British low-cost airline easyJet (EZJ.L) plans to fly at 40 per cent of its capacity over the rest of the summer thanks to stronger than expected bookings despite continuing pandemic uncertainty.
A tentative return to air travel in Europe from mid-June after a three-month pause brought airlines to their knees has been threatened by a fresh rise in COVID-19 cases, with the UK already reintroducing travel restrictions to Spain.
The airline also said its cash burn for the three months ended June 30 was better than expected, at 774 million pounds rather than the 1 billion pounds guided, and that its fourth quarter loss would be smaller than the 324.5 million pound loss booked in the third quarter.
“An encouraging report for the return to service, with healthy load factors,” said Bernstein analyst Daniel Roeska.
EasyJet, which said in May it would need to cut 4,500 jobs, has taken a more cautious approach than rivals. Europe’s largest budget carrier, Ryanair, said its capacity would rise to 60 per cent in August and 70 per cent in September, while smaller player Wizz Air (WIZZ.L) is at about 70 per cent.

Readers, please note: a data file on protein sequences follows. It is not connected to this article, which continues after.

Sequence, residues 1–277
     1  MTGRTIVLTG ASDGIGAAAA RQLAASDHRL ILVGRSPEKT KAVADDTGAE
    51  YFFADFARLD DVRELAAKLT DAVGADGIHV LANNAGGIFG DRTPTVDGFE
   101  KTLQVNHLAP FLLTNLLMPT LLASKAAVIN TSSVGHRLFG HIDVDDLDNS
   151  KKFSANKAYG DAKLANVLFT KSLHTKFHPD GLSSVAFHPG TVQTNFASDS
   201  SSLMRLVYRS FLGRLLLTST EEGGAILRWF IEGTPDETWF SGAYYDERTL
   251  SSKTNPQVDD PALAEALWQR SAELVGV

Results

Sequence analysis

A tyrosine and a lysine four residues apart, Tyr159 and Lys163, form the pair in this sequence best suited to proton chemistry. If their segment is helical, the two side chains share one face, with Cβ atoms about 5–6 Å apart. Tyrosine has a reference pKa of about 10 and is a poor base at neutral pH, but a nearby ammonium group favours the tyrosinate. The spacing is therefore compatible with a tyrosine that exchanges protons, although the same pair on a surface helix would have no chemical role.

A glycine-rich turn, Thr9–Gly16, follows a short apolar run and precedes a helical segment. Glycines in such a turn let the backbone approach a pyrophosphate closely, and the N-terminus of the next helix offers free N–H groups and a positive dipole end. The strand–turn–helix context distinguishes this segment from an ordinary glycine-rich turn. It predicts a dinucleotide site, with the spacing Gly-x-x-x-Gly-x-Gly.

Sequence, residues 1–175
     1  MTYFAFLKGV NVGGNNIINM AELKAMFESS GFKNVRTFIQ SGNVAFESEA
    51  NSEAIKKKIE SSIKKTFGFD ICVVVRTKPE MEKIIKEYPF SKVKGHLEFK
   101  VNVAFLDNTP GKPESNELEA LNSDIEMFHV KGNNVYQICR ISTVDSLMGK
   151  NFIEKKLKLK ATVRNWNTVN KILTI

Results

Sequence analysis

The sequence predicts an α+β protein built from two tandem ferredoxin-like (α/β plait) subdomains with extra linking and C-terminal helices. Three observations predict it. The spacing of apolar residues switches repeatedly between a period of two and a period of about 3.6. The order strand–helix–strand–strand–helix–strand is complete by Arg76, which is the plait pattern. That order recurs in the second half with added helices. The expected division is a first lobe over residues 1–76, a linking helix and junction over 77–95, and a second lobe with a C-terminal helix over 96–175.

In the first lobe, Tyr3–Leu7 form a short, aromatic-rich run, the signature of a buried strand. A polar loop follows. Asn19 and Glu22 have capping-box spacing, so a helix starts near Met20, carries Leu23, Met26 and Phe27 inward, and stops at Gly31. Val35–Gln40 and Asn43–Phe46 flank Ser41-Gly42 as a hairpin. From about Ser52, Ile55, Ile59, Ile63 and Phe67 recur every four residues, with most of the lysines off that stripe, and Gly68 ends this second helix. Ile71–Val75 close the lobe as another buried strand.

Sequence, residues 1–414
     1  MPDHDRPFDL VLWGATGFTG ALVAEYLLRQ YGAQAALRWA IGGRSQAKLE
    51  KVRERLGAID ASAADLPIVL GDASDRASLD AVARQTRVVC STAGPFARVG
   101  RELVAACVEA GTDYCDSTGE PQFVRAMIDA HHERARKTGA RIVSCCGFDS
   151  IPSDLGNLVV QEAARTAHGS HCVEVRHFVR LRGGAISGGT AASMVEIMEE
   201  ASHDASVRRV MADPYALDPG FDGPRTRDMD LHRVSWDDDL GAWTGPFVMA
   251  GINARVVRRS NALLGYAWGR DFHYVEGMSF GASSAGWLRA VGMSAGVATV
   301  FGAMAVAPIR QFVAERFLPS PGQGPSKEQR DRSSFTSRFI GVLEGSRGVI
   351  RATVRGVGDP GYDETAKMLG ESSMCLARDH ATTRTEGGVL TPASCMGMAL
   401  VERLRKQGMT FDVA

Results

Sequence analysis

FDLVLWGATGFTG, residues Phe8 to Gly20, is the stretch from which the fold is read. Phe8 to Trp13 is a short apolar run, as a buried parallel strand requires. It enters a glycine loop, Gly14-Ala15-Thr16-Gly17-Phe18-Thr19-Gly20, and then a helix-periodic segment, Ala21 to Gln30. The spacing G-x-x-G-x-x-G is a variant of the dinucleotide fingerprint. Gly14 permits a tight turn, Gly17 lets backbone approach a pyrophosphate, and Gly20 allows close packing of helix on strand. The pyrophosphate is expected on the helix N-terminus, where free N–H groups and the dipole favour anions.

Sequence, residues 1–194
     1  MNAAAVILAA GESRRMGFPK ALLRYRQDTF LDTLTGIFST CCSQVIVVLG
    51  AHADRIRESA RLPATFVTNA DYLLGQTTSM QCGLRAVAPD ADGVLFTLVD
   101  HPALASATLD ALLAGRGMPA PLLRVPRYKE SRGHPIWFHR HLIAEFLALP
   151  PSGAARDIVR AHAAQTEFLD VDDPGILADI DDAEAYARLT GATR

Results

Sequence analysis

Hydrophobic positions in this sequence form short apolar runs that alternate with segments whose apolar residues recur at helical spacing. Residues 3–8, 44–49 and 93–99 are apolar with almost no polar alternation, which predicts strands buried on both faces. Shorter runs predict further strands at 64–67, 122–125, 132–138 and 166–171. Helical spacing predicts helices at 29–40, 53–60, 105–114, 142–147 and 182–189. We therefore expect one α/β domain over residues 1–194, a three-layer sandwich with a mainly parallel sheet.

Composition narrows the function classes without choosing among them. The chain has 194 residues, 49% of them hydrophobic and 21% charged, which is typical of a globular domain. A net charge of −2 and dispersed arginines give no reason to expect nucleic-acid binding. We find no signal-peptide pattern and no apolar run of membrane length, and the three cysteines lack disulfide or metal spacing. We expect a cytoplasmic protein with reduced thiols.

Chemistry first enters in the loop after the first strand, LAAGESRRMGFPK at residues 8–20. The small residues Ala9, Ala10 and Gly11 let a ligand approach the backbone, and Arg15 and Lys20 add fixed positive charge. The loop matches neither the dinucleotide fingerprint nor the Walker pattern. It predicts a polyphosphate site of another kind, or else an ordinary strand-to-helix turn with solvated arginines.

Johan Lundgren, easyJet’s chief executive, said beach destinations like Faro and Nice were popular but the market would remain unpredictable.
“There still is uncertainty you know, also in September, and there’s very little visibility for the whole of the industry on what’s going to come in the winter,” he told reporters on Tuesday.
Ryanair was forced to cut its annual passenger target last week, warning of the impact of a potential second wave of the virus.
Ryanair (RYA.I) flew 4.4 million passengers in July, a broadly expected 70% year-on-year fall after it operated around 40 per cent of its normal July schedule with a 72 per cent load factor, a measure of how well an airline fills its available seats. On 1 July, Ryanair said it expected to fly more than 4.5 million passengers during the first month back in the sky.